This process can be started by filing a request in court to have a temporary parenting plan created on behalf of the children. If you are the parent who does not live with your children on a full time basis, you would be able to ask for additional periods of time in the future to be appointed to you that would make up for the time that you have lost with your kids. Usually, this request is made within a few months of your deployment ending. At that point, the judge would look at what is in your children's best interests when determining make up periods of possession. An important factor in this discussion will be whether or not there was a person who visited with your child on your behalf while you were deployed. 

Travel schedules and planning in relation to deployment 

hopefully you find yourself in a situation where if you are being deployed then you have some degree of advanced warning. If you find yourself in this sort of position, then you should know that Texas family courts require that you fill out a form that allows for you to make travel arrangements to be able to see your children as often as possible. Even though traveling long distance to see your children is difficult I'm sure it is a sacrifice that you are willing to make in order to maintain the bond between yourself and your kids. 

A smart thing to do would be to anticipate, when possible and deployment while your original family court orders are being created. If you are in this sort of advantageous position, then you could create orders in your final decree of divorce which go into place when you are serving overseas. Built in make-up time such as extended summer breaks or longer than normal holiday position when you are able to come back to the states are a great way to insure yourself make up time with your children.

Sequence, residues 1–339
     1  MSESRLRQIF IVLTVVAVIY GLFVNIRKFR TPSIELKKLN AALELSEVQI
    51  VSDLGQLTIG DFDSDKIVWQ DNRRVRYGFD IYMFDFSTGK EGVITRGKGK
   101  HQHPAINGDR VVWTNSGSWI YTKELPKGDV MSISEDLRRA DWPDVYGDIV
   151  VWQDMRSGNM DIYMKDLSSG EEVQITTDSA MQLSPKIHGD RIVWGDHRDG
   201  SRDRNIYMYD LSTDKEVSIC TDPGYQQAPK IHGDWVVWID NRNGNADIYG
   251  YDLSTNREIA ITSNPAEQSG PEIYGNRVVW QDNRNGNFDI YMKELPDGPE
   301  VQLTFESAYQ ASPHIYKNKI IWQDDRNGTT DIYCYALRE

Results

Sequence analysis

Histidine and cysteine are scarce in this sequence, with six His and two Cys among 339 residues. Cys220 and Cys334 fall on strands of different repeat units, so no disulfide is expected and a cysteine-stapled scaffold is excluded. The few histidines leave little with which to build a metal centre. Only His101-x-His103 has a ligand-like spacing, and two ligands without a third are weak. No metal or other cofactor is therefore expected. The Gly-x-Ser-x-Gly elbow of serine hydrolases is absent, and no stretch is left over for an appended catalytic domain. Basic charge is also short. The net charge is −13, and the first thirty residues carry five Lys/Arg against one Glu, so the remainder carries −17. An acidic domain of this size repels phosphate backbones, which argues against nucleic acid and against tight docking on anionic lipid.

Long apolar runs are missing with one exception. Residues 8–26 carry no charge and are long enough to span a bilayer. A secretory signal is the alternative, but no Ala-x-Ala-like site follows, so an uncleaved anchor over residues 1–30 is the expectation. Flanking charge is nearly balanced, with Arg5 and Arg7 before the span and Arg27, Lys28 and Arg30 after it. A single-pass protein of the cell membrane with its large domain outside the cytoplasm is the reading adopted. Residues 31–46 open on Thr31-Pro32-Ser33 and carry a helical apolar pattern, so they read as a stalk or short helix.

Be clear with your co-parent about their role in this process 

Your co-parent plays an especially important role when it comes to helping you maintain a bond with your children despite your being overseas on deployment. Family law attorneys here all the time about the difficulties people have with being in a position where they have to raise children with a co-parent who is difficult to work with and seems to have the worst intentions at times when it comes to fostering the relationship between themselves and their children. This can be a recipe for disaster and can lead to further family court intervention in the future. 

In order to avoid this situation, you as a military member should be clear and upfront with your co-parent about what steps you will take in order to make sure that you maintain a bond with your children despite any external circumstances. By the same token, you should also be clear with your coherent about what expectations you have for him or her as far as the assistance that will be needed from both of you to make sure that this setup works well for all parties involved. It takes relatively little effort to help a child adjust to a different set up as far as Visitation is concerned. What you need is the commitment from your co-parent in a positive attitude in making these adjustments work to everyone's benefit. 

Questions about the material contained in today's blog post? Contact the Law Office of Bryan Fagan

If you have any questions about the material contained in today's blog post, please do not hesitate to contact the Law Office of Bryan Fagan. Our licensed family law attorneys offer free of charge consultations six days a week in our office, over the phone and via video. if you find yourself with questions regarding Texas family law and are looking for information that may assist you then please consider contacting us today.